How Do You Feel?
The voice of the intellect is a soft one, but it does not rest until it has gained a hearing.
The Governor, aka Governor Cuomo, is talking about how he really feels, not just how he feels but how he really feels. In his sonorous voice with the still thick Queens accent, he's explaining that such honest conversation is essential for our mental health during the pandemic, and he's decided to demonstrate. It's a valiant effort: he's worried, anxious, thinking about the families who've lost loved ones, and his own mother. He's modelling emotional honesty to his flock, the citizens of New York State, the nation, and even as far away as India, a NYU colleague has told me. Just hours later, traveling home from his 75th consecutive press conference, a photo pops up on his Facebook feed: he's fast asleep, his daughter on his shoulder. This is how he really feels: tired, protective of his daughter, loving. He's refueling for the next challenge, he's getting back to work as he sleeps. New York Disciplined. New York Tough.
As early as March 25th, Cuomo set up a Mental Health Initiative. He asked psychiatrists, psychologists, and licensed clinical social workers to volunteer. Within hours, thousands had done so. An electronic help center was set up, more and more professionals volunteered, topping 6,000. A free hotline was announced: 1-844-863-9314
I decided to try it. In fact, I've used it twice. At first, I told myself that I wa calling out of journalistic curiosity. Does the hotline work? How does it work? And I was curious: can the Governor deliver yet again? But that evasive veil didn't last long. Which is to say, I was curious, but I was also making the call because I needed an empathetic ear and some concrete advice.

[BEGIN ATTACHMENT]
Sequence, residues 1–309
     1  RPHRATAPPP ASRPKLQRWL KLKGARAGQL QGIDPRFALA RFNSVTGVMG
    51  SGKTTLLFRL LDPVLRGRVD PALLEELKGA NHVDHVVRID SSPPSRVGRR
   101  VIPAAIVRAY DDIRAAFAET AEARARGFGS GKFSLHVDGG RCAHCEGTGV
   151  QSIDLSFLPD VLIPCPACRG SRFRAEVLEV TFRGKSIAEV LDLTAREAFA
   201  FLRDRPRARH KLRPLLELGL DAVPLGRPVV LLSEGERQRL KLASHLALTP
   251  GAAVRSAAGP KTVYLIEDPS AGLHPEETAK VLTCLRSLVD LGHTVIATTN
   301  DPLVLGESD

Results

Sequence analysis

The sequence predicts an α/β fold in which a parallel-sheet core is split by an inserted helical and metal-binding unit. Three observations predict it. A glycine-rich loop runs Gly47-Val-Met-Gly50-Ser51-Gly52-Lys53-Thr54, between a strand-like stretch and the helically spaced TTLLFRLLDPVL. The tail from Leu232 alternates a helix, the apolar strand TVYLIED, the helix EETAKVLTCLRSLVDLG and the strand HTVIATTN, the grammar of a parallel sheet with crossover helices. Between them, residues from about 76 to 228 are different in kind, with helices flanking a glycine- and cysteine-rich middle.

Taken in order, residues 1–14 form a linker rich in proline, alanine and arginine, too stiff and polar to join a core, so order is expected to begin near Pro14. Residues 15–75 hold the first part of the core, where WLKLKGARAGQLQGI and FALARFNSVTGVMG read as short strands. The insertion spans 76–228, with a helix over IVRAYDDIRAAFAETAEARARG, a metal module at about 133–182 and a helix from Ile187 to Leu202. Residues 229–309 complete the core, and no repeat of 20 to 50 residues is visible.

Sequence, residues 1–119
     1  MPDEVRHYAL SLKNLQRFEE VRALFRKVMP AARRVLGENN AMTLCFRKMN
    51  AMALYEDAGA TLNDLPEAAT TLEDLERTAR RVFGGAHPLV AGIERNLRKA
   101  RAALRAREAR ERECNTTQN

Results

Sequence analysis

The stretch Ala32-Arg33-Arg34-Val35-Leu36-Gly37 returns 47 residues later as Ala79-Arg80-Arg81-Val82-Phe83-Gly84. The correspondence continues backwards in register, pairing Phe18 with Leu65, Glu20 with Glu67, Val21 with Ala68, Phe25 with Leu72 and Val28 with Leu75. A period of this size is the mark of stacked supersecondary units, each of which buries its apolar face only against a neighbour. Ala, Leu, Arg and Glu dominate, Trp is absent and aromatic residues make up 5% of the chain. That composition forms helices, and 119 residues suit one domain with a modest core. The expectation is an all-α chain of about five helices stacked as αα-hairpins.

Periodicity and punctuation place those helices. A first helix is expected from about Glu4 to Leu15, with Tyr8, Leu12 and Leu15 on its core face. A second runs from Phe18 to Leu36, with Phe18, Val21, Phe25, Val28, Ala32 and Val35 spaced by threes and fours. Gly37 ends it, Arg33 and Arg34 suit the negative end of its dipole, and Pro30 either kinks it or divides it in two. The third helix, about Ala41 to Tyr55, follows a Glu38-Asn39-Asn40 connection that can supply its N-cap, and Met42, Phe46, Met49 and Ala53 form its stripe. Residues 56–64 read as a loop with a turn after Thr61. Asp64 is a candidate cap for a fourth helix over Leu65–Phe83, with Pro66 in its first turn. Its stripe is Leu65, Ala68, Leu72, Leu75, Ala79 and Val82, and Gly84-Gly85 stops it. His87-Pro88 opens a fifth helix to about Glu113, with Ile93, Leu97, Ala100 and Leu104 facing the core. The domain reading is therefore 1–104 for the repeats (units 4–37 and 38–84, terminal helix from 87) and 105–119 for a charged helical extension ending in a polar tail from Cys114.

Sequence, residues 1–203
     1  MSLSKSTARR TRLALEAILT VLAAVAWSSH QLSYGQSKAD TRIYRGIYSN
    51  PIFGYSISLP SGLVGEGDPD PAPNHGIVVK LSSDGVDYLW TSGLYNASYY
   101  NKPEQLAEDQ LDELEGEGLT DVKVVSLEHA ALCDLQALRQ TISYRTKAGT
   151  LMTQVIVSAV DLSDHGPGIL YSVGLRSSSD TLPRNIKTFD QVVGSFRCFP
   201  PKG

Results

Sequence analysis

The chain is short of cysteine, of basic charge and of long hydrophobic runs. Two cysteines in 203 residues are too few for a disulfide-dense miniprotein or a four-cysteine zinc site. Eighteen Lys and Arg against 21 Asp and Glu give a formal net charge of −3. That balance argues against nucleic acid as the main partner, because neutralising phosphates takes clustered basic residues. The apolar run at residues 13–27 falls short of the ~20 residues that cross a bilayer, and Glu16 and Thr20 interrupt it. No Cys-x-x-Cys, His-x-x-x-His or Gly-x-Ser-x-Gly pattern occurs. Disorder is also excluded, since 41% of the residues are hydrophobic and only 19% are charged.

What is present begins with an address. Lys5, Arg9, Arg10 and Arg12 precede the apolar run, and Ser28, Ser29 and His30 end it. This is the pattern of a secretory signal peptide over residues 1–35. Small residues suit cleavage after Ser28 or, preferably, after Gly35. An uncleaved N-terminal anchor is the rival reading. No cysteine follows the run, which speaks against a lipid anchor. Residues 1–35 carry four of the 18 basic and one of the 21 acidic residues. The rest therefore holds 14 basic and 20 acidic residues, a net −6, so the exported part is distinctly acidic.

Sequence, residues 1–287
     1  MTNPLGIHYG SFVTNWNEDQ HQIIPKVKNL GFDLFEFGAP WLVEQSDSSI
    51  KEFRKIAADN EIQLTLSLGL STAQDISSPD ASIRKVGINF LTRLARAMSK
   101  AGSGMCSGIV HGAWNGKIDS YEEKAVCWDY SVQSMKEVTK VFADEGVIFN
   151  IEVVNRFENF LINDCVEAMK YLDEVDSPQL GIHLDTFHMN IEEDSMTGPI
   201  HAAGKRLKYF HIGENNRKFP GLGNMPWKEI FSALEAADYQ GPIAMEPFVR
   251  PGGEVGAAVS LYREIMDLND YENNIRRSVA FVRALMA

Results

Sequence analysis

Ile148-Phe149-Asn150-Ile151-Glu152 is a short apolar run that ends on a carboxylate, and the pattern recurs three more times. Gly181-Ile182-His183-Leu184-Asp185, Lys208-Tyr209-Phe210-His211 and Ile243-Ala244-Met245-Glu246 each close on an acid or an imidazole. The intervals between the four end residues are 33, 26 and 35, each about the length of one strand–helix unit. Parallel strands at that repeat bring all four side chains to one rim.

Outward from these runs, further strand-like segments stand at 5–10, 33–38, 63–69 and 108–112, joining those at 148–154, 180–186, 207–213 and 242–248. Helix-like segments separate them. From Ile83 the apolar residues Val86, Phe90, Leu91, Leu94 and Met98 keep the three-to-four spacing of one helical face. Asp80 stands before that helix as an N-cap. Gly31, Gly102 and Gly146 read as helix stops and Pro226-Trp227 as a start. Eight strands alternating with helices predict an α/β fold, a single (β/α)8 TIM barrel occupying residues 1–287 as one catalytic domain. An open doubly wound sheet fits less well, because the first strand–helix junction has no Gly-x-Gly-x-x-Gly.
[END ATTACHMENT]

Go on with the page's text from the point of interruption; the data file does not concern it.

I had just taken a long solo walk on my favorite street in New Paltz. Mask off, mask on as soon as I saw people walking towards me. I hated it. I'd been anxious, even agoraphobic, as I left the apartment. New tenants, unmasked, and an inconsiderate handyman who also works in a prison, a petri dish for the virus.
Writers, even nonfiction writers, have vivid imaginations. Our minds click ahead into what might happen, what could happen, what in the non-writer world would be called"catastrophizing," amidst a catastrophe, if that isn't an oxymoron, or I don't know what. All those unmasked neighbors and workers scared me. If we are now into an era of defiance, what is in store for us?
I walked fast and then ambled disconsolately back to the car. I put my walking sticks away, opened the back windows, and took a deep breath. The sweet smell of freshly mown grass filled the car. I was relieved but also miserable. The mask had made me feel—really feel—claustrophobic, isolated, and desperate to take flight like the soaring catbirds I'd identified as I walked past an efflorescing meadow. If only I could morph into a catbird, I thought.
A young woman answered the phone in five seconds. Five seconds, dear reader! How could a young woman help me? I said to myself, not trusting that the helpline had vetted the volunteers' credentials.
She waited for me to speak, said a few kind words, how hard a time it is for all of us, told me her first name--Jenny. "I'm working virtually at home also," she said. I felt easier as my anxiety came out in a rush. She asked all the right questions and gave me the concrete advice I needed that particular day in that particular moment. The call lasted all of five minutes. Short and focused as it was, I felt fortified to press on with my day. Jenny's voice—just her voice, not text, or email, or video chat—was enough to comfort me.
A few weeks later, I used the hotline again with a different young professional and had a similar positive experience. And I'll use it again if I am feeling out of balance, frightened, lonely inside my mask, or bewildered beyond what feels like normal, writerly bewilderment.
I haven't seen any stats on how many people are taking advantage of this unprecedented free service, but I am sure the numbers of call-ins are in the hundreds of thousands, at least I hope they are. There are many sub-cultures in America where asking for emotional help is considered weak, or shameful. But even these feelings are real and must be acknowledged and overcome, as needed. All of us have to stay physically and emotionally strong during this already long siege. There are more challenges ahead. It's not over.